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Introduction to Linux - A Hands on Guide
This guide was created as an overview of the Linux Operating System, geared toward new users as an exploration tour and getting started guide, with exercises at the end of each chapter.
For more advanced trainees it can be a desktop reference, and a collection of the base knowledge needed to proceed with system and network administration. This book contains many real life examples derived from the author's experience as a Linux system and network administrator, trainer and consultant. They hope these examples will help you to get a better understanding of the Linux system and that you feel encouraged to try out things on your own.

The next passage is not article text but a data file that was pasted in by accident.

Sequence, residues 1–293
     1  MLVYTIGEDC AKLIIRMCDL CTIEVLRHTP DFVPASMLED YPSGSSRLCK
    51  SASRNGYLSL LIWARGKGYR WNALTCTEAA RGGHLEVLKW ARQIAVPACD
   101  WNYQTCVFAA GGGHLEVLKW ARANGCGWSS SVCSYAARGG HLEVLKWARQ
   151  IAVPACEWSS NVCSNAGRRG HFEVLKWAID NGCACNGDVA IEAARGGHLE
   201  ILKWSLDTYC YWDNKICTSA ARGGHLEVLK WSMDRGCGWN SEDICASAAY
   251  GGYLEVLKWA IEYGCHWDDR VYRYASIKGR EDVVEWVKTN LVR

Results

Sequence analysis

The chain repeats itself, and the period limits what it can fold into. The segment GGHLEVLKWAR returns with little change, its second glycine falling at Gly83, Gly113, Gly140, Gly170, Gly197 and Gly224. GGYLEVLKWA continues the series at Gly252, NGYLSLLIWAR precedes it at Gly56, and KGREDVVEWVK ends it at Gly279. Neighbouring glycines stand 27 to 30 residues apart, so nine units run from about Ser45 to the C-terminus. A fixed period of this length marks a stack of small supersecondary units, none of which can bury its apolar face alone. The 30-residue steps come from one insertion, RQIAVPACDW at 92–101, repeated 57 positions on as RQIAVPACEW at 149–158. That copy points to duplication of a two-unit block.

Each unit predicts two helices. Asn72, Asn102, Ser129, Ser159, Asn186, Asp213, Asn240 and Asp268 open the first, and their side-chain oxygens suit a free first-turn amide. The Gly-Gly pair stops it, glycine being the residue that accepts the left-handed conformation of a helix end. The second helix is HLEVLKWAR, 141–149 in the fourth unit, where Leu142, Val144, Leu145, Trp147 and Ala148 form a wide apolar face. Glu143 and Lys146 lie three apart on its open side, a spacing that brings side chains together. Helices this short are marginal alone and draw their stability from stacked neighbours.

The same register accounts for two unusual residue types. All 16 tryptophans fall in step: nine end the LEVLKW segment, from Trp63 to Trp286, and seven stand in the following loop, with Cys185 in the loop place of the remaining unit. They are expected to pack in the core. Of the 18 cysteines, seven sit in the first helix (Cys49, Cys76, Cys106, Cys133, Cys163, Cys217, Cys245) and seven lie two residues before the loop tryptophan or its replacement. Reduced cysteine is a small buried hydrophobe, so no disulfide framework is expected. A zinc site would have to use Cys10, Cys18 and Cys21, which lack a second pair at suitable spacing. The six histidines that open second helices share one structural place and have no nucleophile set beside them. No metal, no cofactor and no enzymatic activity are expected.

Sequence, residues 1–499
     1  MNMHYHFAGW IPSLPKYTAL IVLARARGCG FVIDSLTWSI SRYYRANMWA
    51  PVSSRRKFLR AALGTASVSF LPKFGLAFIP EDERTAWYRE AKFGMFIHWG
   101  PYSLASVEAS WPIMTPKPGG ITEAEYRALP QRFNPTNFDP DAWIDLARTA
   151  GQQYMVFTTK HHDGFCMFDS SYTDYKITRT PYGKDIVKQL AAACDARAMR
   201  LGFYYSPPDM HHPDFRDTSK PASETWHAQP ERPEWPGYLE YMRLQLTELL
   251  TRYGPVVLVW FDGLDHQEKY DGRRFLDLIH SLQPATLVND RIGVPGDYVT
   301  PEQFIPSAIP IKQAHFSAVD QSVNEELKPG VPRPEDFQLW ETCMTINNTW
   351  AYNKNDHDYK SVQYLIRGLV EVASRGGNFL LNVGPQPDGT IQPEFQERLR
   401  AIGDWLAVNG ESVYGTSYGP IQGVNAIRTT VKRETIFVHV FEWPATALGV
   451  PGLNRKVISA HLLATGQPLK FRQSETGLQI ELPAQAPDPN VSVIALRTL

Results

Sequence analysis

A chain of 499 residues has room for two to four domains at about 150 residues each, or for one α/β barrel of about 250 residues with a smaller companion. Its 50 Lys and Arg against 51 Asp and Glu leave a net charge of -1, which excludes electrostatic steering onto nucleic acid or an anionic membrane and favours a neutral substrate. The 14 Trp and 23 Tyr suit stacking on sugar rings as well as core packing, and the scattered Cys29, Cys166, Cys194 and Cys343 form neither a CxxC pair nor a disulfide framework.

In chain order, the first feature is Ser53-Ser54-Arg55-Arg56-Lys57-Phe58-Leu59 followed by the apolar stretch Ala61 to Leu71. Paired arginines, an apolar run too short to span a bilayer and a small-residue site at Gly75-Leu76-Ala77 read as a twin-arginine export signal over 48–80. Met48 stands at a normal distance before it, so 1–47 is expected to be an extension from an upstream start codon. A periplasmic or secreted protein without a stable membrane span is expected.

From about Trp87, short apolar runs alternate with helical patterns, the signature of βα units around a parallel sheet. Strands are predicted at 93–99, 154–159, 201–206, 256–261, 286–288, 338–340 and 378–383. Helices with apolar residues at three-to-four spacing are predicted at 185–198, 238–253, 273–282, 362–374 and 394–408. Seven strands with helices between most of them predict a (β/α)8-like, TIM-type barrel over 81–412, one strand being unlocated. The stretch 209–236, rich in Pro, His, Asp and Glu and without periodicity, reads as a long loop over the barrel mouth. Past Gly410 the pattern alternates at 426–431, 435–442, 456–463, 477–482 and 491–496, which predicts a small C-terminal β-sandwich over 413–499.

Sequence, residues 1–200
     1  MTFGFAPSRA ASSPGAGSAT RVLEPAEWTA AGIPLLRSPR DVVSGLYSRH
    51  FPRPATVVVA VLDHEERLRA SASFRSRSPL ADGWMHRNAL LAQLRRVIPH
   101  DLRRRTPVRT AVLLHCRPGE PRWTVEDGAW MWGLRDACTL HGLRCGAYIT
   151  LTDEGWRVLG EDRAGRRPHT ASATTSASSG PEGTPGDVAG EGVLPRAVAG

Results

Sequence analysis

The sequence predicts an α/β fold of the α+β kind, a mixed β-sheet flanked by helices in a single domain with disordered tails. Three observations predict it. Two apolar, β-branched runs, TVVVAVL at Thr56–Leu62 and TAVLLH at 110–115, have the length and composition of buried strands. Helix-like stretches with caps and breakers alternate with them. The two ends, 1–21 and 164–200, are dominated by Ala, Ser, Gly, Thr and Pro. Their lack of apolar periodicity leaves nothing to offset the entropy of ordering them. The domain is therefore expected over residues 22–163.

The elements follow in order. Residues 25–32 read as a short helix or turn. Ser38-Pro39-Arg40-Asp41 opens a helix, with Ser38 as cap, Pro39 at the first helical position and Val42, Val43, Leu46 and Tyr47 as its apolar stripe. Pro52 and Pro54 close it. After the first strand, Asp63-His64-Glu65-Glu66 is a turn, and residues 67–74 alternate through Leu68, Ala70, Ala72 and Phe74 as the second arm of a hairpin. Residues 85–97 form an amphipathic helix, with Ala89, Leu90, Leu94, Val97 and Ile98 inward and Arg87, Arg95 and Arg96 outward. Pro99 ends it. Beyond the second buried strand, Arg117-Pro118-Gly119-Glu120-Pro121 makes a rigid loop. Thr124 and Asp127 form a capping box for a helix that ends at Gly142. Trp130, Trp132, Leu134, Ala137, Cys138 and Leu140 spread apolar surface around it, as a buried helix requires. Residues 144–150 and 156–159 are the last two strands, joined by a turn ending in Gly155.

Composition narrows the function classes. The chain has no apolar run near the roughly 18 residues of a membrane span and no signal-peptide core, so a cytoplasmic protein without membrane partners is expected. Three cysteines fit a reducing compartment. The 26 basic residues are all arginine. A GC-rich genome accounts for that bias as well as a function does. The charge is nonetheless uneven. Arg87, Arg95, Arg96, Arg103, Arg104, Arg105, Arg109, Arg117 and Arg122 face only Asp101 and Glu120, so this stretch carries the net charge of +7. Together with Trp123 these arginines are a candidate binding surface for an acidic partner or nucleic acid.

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My online searches for answers to my various questions have repeatedly led me to LinuxQuestions.org, so I decided to register. Here is my self-introductory speech:
I've used computers for work and fun for years, but I am not a computer-professional. I wrote my first computer programs on punch cards and since then I've used everything from TRSDOS to MSDOS to every incarnation of Windows (but, I haven't spent a total of 23 minutes on any kind of Apple/Mac). About a year ago, I installed Ubuntu on an old Celeron box and since then I've been using that machine as my everyday home computer. A few days ago, I "upgraded" to Bodhi. This process has reminded me that I am still a Linux noob.
Why I need LinuxQuestions.org: I have found that no Linux question can be answered without that answer generating one or more new questions. Open the terminal. How do you open the terminal? Unmount the drive. What is mount? Give yourself permission. What is 644? Use dpkg. What do the switches mean? Read the man page. How do you close the man page? Configure CUPS. What is my username? You get the idea. I'm no longer looking for answers to any of those questions, but I do have many other questions. If you are a Linux Guru who is willing to peck out an answer to some noob's question, FSM bless you!